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33 inch cast homebrew Kent

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  • #31
    I remember somebody use a dehumidifier once and they were amazed how much water the collected something like several gallons.

    Russell
    Google Photo Album [https://photos.google.com/share/AF1Q...JneXVXc3hVNHd3/]

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    • #32
      Originally posted by UtahBeehiver View Post
      I remember somebody use a dehumidifier once and they were amazed how much water the collected something like several gallons.
      It'll probably take me quite a while to collect several gallons with my little machine, it probably only holds a litre or so in the pot.
      If they drawer out that much water from the dome you've gotta wonder why they're not more widely used? Surely it must speed up the whole process and make the first fires less likely to cause damage.

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      • #33
        Only seen it used once.
        Russell
        Google Photo Album [https://photos.google.com/share/AF1Q...JneXVXc3hVNHd3/]

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        • #34
          Originally posted by UtahBeehiver View Post
          Only seen it used once.
          Well the de-humidifier has worked better than I thought it would, (bigger pot than I thought as well, 3 litres) I've had just under 5 litres, so that's about 1 UK gallon I would have had to remove through firing. The water definitely came from the dome itself as I have completely sealed the entrance up with the dehumidifier inside, apart from emptying it of course.
          It didn't quite go to plan today, I was going to put the blanket on a do the pumice layer, however, they've forecast 4 days of thunderstorms so this morning I thought I'd better make a temporary waterproof shelter for the dome seeing as the gazebo doesn't fit now the flue's installed.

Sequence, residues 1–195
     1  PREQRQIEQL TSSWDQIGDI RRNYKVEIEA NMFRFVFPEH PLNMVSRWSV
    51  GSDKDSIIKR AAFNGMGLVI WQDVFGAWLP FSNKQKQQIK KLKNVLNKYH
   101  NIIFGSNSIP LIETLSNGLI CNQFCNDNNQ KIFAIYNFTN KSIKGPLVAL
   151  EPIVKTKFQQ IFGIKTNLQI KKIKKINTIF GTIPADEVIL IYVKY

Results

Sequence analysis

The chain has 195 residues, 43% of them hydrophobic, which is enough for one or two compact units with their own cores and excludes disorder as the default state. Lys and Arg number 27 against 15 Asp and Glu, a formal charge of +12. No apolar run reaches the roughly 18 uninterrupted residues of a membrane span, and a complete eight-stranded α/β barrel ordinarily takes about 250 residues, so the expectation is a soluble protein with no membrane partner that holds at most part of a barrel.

If the storms miss us tomorrow or they're not to bad, I'll do the blanket and pumice layer. If the storms are too bad I'll drink beer and watch TV. SWHMBO is away on an art course for 4 days so no problem either way.

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          • #35
            Hang on - are you passing that off as a temporary shelter? It looks awesome!
            My cast oven build thread

            https://community.fornobravo.com/for...-castable-dome

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            • #36
              Originally posted by Mullster View Post
              Hang on - are you passing that off as a temporary shelter? It looks awesome!
              Thanks, but it's all built out of scrap wood and pallets, some of the wood has still got cement on it from casting the slab, the covering is just D.P.M.
              I've got other plans, I want to build it from bigger timbers and extend it to the right making a cubbyhole that I can store my Greek BBQ in.
              That's the plan anyway, mind you I built a temporary bar out of pallets and scrap wood found in skips for a one off 85th birthday bbq party for the mother-in-law, that was 4 years ago, been a godsend through lockdown, and I'm in it most nights after a hard days work on the oven.

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              • #37
                You are going to be so popular with your friends if you aren’t already!
                My cast oven build thread

                https://community.fornobravo.com/for...-castable-dome

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                • #38
                  .Managed to get my superwool blanket on yesterday and my pumice coat.
                  Made a stupid error on my maths calculations, must've been the beer!
                  The external of my dome is 960mm, I calculated that I had enough 25mm blanket for 3 layers.
                  Stupidly it didn't enter my mind that after the first layer my external dome was 1010mm, next layer 1060mm. DOH!!!
                  Anyway, I didn't quite have enough, I had two triangular areas, about 400X300 at the widest, at the front of the dome, either side of the gallery.